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Stories from our Travelers

Sailing in Odysseus' Wake


Day 1 - Setting out from Nidri

Anchored at Cliff Bay off the island of Atoko

Kioni's picturesque harbor, on Ithaka
by Elizabeth Bradley

[From Summer 2011] Sailing the wine-dark Ionian Sea in a private yacht, following in Odysseus' wake, docking each night in a different and uniquely charming Greek port, sampling the local delicacies and sipping wine under the stars: who wouldn't thrill to such a voyage through the Greek islands? Unfortunately, I don't own a sailboat in the Mediterranean and I don't know how to sail very well, so accomplishing my dream seemed rather unlikely. Yet, my three sons and I found ourselves sailing a small yacht in the Ionian Sea for a week in the summer of 2010, thanks to Sunvil Sailing.

Operating out of the Greek island of Lefkas (on the western coast of Greece just south of Corfu), with a professional skipper and a 4 to 6-person crew per boat, Sunvil Sailing offers a wonderful experience for those interested in gaining hands-on sailing experience while exploring the lovely Ionian islands of Greece. These islands are the stuff of legends, including Ithaka, where Odysseus once lived, and Skorpios, still owned by the Onassis family. And today, as in Odysseus' day, the quaint ports of these islands are so remote as to be almost unreachable except by boat.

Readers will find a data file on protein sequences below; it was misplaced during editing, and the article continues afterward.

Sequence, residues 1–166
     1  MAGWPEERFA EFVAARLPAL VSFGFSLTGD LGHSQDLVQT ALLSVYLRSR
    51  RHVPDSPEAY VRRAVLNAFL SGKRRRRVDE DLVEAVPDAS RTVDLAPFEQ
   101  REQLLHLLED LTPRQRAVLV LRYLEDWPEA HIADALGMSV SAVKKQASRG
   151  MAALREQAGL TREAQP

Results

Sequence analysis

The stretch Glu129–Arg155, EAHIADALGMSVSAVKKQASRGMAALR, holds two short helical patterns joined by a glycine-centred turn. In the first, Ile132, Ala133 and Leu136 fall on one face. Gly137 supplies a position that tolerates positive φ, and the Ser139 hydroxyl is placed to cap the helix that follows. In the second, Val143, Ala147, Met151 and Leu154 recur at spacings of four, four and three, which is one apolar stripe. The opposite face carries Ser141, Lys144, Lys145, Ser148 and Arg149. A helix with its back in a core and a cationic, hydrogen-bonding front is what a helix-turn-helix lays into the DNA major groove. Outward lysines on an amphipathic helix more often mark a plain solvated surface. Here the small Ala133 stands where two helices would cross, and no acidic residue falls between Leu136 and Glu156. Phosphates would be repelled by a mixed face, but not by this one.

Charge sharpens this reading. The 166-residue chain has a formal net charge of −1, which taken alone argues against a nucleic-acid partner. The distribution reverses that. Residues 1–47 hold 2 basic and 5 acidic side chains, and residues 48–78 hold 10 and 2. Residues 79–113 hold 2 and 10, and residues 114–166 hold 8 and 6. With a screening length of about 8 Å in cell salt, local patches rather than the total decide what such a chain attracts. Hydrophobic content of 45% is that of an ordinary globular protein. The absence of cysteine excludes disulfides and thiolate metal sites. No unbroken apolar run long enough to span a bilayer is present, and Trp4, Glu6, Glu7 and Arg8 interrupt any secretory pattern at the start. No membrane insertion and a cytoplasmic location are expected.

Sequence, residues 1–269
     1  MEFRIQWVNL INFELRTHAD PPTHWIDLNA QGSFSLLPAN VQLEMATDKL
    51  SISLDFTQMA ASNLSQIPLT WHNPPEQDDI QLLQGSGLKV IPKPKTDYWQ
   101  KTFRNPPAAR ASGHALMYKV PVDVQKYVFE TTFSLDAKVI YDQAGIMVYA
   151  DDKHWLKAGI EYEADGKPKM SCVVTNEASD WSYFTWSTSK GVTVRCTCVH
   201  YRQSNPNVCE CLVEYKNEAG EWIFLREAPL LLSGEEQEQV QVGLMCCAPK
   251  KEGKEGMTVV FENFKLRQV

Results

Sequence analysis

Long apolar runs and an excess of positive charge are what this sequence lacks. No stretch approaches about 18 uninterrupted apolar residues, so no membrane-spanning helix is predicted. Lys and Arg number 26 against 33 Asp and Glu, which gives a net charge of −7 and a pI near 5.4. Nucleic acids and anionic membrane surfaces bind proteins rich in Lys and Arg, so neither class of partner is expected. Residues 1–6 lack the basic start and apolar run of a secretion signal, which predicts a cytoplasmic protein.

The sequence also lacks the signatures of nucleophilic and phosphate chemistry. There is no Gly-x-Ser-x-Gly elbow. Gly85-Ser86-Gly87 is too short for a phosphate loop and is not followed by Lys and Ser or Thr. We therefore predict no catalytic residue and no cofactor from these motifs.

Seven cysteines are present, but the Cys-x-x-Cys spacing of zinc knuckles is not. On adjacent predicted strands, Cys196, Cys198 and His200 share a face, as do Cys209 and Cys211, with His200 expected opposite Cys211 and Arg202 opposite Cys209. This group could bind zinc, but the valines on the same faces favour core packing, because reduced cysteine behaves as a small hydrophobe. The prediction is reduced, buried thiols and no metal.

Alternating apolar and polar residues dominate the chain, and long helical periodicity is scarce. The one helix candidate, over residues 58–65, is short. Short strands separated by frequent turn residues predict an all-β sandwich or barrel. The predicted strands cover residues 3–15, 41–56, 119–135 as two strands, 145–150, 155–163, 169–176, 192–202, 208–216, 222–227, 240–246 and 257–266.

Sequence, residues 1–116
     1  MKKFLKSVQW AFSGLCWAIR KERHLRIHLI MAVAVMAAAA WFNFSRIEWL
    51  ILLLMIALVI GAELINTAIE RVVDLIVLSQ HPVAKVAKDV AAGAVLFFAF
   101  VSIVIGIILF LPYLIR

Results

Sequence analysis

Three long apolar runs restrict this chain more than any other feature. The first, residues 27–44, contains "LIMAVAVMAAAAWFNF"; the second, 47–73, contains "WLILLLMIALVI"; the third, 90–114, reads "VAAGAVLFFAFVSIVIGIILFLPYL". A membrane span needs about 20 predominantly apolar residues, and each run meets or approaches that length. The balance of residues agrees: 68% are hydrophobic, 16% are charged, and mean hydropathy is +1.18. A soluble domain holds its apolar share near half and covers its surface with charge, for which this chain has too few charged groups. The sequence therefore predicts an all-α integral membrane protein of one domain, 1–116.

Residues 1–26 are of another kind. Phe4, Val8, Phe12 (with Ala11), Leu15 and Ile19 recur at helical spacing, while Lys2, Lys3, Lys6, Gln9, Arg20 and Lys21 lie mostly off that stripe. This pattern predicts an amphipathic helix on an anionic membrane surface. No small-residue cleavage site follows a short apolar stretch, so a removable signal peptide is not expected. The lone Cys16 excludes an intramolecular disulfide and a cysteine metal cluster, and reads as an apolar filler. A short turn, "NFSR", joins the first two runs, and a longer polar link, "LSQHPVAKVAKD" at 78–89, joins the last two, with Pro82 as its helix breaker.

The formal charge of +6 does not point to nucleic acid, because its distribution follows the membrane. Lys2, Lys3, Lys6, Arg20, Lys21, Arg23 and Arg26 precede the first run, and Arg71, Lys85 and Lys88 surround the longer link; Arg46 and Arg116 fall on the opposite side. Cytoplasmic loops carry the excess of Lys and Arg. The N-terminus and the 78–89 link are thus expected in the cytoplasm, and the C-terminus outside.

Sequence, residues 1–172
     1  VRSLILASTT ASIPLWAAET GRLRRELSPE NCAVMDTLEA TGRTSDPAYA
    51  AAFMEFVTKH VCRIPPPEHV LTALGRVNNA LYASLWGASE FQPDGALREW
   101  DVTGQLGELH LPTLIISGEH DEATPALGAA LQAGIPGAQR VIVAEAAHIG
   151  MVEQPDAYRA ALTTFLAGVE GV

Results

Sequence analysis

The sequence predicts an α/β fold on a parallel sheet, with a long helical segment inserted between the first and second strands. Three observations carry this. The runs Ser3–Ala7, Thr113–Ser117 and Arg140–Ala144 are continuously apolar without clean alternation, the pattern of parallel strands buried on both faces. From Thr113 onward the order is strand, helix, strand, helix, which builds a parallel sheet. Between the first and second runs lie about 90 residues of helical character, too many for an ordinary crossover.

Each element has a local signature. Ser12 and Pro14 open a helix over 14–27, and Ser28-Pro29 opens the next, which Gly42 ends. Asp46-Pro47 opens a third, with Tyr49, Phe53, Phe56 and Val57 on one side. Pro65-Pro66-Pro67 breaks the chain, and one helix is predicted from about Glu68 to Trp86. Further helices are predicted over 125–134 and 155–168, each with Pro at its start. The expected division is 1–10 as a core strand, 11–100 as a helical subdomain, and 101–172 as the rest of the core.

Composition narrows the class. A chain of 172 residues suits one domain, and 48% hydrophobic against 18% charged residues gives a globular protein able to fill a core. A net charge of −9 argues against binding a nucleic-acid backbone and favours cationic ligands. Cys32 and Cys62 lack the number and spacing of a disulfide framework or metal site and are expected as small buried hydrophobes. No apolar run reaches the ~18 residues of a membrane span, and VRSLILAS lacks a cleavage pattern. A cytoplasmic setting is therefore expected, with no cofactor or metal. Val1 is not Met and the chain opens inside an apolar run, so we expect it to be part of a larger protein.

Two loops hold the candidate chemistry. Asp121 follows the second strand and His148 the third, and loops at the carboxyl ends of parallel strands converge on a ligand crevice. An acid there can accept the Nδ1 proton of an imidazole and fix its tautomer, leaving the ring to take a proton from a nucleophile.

My three sons and I crewed the Artemis, a 3-cabin sailboat, with Alan Boyle as our fearless skipper. Our flotilla consisted of four other yachts, each similarly crewed by families, couples and singles. We were joined by my sister, her husband and twin sons, a family of four who were also friends of my sister's, another family of three from England, and several couples and singles of differing nationalities. Each morning, after a delicious breakfast of fresh fruit, Greek yogurt and fresh baked bread from the tiny shops in each port, the skippers and crews would meet to discuss the day's schedule, the weather, where we were headed, and other practical information.